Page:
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CSO Senior Writer

Hard-to-detect malware loader distributed via AI-generated YouTube videos

News Analysis
Apr 18, 20234 mins

The new malware loads the Aurora infostealer and can avoid being executed in virtual machines or sandboxes for analysis.

Security researchers warn of a new malware loader that’s used as part of the infection chain for the Aurora information stealer. The loader uses anti-virtual-machine (VM) and unusual compilation techniques that seem to make it quite successful at avoiding detection by security solutions.

The Aurora infostealer is written in Go and is operated as a malware-as-a-service platform that’s advertised on Russian-language cybercrime forums. It started gaining popularity among cybercriminals at the end of last year because it is modular and can also be used as a malware downloader to deploy additional payloads in addition to its core functionality of stealing data and credentials from multiple web browsers, cryptocurrency wallets, and local applications.

Aurora infostealer distributed in YouTube videos

Cybercriminals distribute Aurora in multiple ways, but a recent trend has been to post AI-generated videos in the form of tutorials for installing cracked software and game hacks. This is a more general distribution trend for multiple infostealer programs and usually involves hacking into existing YouTube accounts and publishing a batch of five or six rogue videos immediately. The YouTube accounts are taken over using credentials from older data breachers or collected by the infostealer programs themselves. The videos are generated using specialized AI-based video platforms like D-ID or Synthesia and involve human personas going through a script and telling users to download the software from the link in the description. The attackers also use search engine optimization (SEO) techniques by adding a lot of tags to the videos to make them reach a wider audience.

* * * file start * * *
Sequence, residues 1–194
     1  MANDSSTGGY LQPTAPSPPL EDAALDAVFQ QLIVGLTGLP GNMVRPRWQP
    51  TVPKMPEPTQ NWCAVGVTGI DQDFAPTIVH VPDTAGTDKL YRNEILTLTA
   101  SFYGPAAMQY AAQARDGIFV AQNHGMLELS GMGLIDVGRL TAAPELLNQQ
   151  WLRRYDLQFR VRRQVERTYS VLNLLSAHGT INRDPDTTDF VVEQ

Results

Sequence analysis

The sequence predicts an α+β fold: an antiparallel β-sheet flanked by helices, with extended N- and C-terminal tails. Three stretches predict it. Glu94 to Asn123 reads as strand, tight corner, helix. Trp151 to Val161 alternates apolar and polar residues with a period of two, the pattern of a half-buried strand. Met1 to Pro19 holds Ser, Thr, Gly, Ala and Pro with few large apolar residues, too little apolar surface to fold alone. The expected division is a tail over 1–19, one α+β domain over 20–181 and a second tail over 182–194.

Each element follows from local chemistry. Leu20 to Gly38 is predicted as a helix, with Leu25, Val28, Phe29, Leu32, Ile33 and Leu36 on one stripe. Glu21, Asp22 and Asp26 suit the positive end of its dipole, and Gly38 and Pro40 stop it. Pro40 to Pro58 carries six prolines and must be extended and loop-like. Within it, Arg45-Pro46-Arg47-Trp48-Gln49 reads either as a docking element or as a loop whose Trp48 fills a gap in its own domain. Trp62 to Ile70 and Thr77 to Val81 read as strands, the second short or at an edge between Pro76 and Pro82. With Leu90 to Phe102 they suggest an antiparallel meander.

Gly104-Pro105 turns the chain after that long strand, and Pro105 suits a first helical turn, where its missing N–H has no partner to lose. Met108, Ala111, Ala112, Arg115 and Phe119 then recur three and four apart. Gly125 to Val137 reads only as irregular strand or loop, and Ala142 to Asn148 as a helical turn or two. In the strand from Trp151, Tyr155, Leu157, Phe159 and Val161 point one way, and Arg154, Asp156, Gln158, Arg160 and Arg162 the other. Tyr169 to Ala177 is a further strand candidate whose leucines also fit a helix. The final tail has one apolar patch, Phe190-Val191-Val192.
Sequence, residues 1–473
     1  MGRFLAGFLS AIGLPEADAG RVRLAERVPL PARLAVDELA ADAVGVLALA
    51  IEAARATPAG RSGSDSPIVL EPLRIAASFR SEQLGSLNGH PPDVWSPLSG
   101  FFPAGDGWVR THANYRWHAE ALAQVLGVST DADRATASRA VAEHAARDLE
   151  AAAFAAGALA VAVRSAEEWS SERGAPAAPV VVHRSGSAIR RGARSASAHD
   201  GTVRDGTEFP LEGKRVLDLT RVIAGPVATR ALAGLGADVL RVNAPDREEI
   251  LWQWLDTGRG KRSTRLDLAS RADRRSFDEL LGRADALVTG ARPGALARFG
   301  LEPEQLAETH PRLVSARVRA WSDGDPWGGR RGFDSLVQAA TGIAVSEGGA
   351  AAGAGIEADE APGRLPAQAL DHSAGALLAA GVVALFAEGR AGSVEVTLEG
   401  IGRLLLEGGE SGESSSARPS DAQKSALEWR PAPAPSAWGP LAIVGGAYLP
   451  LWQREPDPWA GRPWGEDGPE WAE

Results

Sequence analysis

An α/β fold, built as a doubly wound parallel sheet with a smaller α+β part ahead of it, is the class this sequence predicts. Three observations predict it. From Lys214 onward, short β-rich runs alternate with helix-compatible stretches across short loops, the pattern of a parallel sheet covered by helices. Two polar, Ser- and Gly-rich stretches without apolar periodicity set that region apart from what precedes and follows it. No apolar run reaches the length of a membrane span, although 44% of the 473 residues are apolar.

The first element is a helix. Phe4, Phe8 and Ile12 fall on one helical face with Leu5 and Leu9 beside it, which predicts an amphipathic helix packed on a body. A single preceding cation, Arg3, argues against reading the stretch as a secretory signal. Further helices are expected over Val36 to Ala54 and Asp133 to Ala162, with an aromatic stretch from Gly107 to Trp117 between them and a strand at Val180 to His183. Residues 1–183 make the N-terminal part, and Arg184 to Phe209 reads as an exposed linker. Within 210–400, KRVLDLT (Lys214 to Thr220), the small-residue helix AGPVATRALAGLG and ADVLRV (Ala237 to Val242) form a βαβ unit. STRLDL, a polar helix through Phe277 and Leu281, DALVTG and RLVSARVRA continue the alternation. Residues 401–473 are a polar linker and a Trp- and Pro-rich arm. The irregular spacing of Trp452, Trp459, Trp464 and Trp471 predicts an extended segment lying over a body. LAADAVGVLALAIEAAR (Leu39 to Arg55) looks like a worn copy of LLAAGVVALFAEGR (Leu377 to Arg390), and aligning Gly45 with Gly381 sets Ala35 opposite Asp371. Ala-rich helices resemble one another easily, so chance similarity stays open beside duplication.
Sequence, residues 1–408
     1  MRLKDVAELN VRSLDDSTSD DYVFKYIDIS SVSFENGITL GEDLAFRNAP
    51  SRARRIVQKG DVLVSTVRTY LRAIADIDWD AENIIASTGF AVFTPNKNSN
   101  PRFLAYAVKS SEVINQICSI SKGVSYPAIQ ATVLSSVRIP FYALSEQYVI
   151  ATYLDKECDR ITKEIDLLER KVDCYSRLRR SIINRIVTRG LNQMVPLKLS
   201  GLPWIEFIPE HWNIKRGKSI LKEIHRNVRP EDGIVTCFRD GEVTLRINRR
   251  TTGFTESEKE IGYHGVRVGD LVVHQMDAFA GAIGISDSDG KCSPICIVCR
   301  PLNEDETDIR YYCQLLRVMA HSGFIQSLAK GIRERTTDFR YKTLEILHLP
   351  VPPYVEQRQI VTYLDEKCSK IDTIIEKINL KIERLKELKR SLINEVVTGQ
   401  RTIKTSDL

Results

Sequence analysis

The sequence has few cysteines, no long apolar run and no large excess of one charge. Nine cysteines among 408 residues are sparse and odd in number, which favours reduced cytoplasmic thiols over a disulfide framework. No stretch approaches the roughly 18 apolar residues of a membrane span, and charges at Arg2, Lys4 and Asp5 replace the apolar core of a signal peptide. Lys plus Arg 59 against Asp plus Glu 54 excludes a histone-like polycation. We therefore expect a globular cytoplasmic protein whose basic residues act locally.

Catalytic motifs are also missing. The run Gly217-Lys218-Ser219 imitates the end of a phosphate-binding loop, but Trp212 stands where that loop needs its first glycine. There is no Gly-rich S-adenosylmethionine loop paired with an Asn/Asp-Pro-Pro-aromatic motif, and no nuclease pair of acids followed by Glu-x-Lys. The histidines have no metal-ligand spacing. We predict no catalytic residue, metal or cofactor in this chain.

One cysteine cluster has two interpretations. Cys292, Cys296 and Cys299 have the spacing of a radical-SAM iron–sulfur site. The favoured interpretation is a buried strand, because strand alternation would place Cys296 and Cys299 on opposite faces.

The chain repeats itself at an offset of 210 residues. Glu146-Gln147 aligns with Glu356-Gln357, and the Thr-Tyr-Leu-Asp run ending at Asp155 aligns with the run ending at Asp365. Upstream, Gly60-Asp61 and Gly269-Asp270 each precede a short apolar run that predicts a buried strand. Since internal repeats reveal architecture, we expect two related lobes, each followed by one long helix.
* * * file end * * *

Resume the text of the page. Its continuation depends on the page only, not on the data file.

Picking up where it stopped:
Researchers from security firm Morphisec recently investigated several such YouTube campaigns that led to Aurora infections. However, the first step in the infection chain was a new malware loader they dubbed “in2al5d p3in4er,” after a string that’s used as a decryption key in its code.

The p3in4er loader is the executable that users are offered to download from the websites posted in the rogue descriptions of the YouTube tutorial videos. These websites were generated with a service that can create clones of legitimate websites, using all the branding elements and application logos and icons to make them more credible.

Malware loader able to detect virtual machines

P3in4er has an unusually low detection rate on VirusTotal and is especially good at evading solutions that execute files in virtual machines or sandboxes to observe their behavior. That’s because the malicious executable uses the CreateDXGIFactory function of the dxgi.dll library to extract the vendor ID of the graphics card that exists on the system. The code then checks if these vendor IDs match Nvidia, AMD or Intel and if they don’t, the code stops executing. In other words, this is essentially a way to check if the system has a physical graphics card or not, because virtual machines and sandboxes typically don’t.

If the check passes, the malware will use a process hollowing technique to inject malicious code chunks into sihost.exe (Microsoft’s Shell Infrastructure Host), the Morphisec researchers said. “During the injection process, all loader samples resolve the necessary Win APIs dynamically and decrypt these names using a XOR key: in2al5d p3in4er (invalid printer).”

Finally, another unusual characteristic of this loader is that it was generated using Embarcadero RAD Studio, an integrated development environment for writing native cross-platform applications. The various samples showed that the creators are experimenting with compiling options from RAD Studio.

“Those with the lowest detection rate on VirusTotal are compiled using ‘BCC64.exe,’ a new Clang based C++ compiler from Embarcadero,” the researchers said. “This compiler uses a different code base such as ‘Standard Library’ (Dinkumware) and ‘Runtime Library’ (compiler-rt) and generates optimized code which changes the entry point and execution flow. This breaks security vendors’ indicators, such as signatures composed from malicious/suspicious code block.”

The Morphisec report contains file hashes and other indicators of compromise. Even though this loader currently has a low detection rate, the first defense against such attacks is not falling for the social engineering tricks in the first place. Companies should train employees on how to spot unusual URLs or fake websites and, of course, to never download cracked software or game hacks on their computers in the first place, even if they use a personal computer for work.